For nearly two weeks, teachers across West Virginia raised their voices and shut their classroom doors in demands for a pay raise. School systems in nearly all of the state’s 55 counties remained shut down for the entirety of the strike.
The strike put the state of West Virginia’s education at a halt for nine days, a remarkable show of defiance by the teachers in a state where the power of organized labor, once led by strong mining unions, has greatly diminished. Going against the union leaders’ advice to return to work when the governor first promised them the raise, the teachers had proactive meetings in malls, union halls, and within Facebook groups saying that they would be out until their raise was enacted in law.
Danielle Harris, a third-grade teacher from Fayette County said, “Maybe our voices are being heard, finally. These strikes aren’t for nothing.”
Last week, Governor Jim Justice and the union leaders agreed that teachers and service personnel would receive a 5% pay raise. The House approved the proposal, but the Senate passed a 4% raise. Union leaders say the teachers won’t return to work until they get a 5% raise.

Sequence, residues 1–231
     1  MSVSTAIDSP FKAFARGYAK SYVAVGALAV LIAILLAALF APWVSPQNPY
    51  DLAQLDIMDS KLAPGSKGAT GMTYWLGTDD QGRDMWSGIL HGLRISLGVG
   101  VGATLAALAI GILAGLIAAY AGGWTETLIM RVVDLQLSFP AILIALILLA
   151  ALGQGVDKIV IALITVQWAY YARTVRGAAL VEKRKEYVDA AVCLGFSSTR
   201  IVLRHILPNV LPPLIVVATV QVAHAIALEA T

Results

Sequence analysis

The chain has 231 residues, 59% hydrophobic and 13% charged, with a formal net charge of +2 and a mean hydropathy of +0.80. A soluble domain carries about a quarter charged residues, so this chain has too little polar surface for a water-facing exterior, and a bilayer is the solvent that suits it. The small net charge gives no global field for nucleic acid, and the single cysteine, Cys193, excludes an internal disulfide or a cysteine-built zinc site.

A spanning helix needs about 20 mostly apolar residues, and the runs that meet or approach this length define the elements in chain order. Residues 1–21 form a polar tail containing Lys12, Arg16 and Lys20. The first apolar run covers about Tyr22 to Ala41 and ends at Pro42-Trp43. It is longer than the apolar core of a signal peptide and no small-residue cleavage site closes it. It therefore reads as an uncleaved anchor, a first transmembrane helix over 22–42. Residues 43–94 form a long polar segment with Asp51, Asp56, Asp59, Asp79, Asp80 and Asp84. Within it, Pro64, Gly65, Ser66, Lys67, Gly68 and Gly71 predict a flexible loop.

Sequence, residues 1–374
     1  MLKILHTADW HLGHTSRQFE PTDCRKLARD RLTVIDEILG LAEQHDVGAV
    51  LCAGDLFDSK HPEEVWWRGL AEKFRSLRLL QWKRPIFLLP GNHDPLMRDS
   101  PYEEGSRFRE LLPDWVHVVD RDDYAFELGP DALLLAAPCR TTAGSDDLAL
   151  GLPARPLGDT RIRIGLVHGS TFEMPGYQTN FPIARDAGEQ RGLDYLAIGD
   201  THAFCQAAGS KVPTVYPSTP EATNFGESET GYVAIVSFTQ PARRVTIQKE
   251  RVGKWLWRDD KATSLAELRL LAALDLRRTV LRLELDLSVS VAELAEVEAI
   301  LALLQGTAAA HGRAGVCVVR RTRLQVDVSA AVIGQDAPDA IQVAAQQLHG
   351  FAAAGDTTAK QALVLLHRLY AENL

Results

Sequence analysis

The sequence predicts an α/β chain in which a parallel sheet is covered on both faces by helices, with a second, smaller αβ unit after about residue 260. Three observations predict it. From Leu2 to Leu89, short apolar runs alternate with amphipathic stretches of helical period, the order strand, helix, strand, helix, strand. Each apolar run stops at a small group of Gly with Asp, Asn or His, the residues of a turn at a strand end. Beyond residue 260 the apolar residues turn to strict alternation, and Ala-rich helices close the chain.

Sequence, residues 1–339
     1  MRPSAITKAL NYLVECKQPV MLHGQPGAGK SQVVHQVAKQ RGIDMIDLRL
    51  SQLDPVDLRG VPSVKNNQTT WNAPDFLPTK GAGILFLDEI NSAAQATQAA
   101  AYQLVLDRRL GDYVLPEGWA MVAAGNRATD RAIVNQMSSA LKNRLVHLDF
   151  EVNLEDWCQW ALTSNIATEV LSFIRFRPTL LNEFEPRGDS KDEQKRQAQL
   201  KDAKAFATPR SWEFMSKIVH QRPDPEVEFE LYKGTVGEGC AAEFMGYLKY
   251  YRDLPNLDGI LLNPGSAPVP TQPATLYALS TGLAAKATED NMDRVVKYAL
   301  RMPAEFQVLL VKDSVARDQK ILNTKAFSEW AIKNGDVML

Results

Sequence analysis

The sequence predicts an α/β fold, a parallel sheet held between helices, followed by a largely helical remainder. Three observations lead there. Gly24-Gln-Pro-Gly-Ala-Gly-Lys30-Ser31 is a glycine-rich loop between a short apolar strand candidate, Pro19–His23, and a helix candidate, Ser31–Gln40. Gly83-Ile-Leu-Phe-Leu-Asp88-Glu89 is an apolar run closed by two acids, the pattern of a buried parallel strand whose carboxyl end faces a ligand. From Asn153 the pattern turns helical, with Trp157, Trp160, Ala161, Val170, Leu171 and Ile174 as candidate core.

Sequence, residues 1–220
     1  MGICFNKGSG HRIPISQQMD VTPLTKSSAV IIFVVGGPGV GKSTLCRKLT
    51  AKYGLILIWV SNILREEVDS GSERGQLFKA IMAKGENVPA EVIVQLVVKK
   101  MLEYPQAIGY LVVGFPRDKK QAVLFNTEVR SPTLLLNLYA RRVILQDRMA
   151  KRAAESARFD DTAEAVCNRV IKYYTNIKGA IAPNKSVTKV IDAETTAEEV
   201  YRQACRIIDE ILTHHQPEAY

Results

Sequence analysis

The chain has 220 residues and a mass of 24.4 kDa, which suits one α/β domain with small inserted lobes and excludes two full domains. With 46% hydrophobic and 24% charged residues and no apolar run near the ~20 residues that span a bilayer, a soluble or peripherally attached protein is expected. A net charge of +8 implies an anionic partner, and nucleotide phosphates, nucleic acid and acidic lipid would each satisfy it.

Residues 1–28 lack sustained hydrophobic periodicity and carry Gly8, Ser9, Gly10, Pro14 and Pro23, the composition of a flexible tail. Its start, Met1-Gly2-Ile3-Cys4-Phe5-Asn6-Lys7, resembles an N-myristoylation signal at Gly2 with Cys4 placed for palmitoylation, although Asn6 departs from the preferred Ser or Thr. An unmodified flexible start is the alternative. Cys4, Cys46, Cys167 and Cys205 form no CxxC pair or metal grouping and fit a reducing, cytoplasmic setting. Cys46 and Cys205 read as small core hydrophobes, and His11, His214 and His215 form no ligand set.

Between that 1% is a $6.9 million difference in the two proposals, according to new projections from the governor’s office and the House finance committee.
Pictured above is Gov. James Justice signing a bill giving West Virginia state workers a 5% raise on Tuesday while surrounded by union leaders last week. This ended the nearly two-week teacher strike.
Mitch Carmichael, the president of the State Senate said that the deal will probably lead to cuts in other parts of the state budget, Medicaid being among the areas cut.
“These things come at a cost,” Mr. Carmichael said.
But as he signed the bill, Mr. Justice tried to dispel the suggestion that the pay raise would come at the expense of Medicaid recipients.
“There’s not a chance on this planet that’s going to be the case,” Mr. Justice said. “We have cash in the balances in Medicaid that will absolutely backstop any cuts whatsoever from Medicaid.
Teachers among the state of West Virginia came together for a common goal and won. Maybe this will spur thought in districts around the country, rethinking the way they treat their teachers and what they do for a living. Teachers do not go into the profession for the money, that is for sure, but they do expect to be highly valued. There is so much respect for those teachers who stood up for their beliefs and values.